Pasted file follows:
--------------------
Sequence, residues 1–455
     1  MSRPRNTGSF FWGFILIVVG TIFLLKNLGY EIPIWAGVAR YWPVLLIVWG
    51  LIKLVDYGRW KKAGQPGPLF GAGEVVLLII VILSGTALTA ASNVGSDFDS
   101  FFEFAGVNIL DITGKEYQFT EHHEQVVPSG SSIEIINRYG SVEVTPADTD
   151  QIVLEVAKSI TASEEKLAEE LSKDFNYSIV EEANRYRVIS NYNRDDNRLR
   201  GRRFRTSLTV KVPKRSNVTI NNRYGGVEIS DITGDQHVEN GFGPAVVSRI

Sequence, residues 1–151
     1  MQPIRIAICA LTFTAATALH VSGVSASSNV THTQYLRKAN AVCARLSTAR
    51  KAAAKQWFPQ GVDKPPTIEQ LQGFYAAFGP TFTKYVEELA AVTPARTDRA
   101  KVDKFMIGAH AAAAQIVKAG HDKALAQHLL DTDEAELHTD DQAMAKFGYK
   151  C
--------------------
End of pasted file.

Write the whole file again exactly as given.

Sequence, residues 1–455
     1  MSRPRNTGSF FWGFILIVVG TIFLLKNLGY EIPIWAGVAR YWPVLLIVWG
    51  LIKLVDYGRW KKAGQPGPLF GAGEVVLLII VILSGTALTA ASNVGSDFDS
   101  FFEFAGVNIL DITGKEYQFT EHHEQVVPSG SSIEIINRYG SVEVTPADTD
   151  QIVLEVAKSI TASEEKLAEE LSKDFNYSIV EEANRYRVIS NYNRDDNRLR
   201  GRRFRTSLTV KVPKRSNVTI NNRYGGVEIS DITGDQHVEN GFGPAVVSRI

Sequence, residues 1–151
     1  MQPIRIAICA LTFTAATALH VSGVSASSNV THTQYLRKAN AVCARLSTAR
    51  KAAAKQWFPQ GVDKPPTIEQ LQGFYAAFGP TFTKYVEELA AVTPARTDRA
   101  KVDKFMIGAH AAAAQIVKAG HDKALAQHLL DTDEAELHTD DQAMAKFGYK
   151  C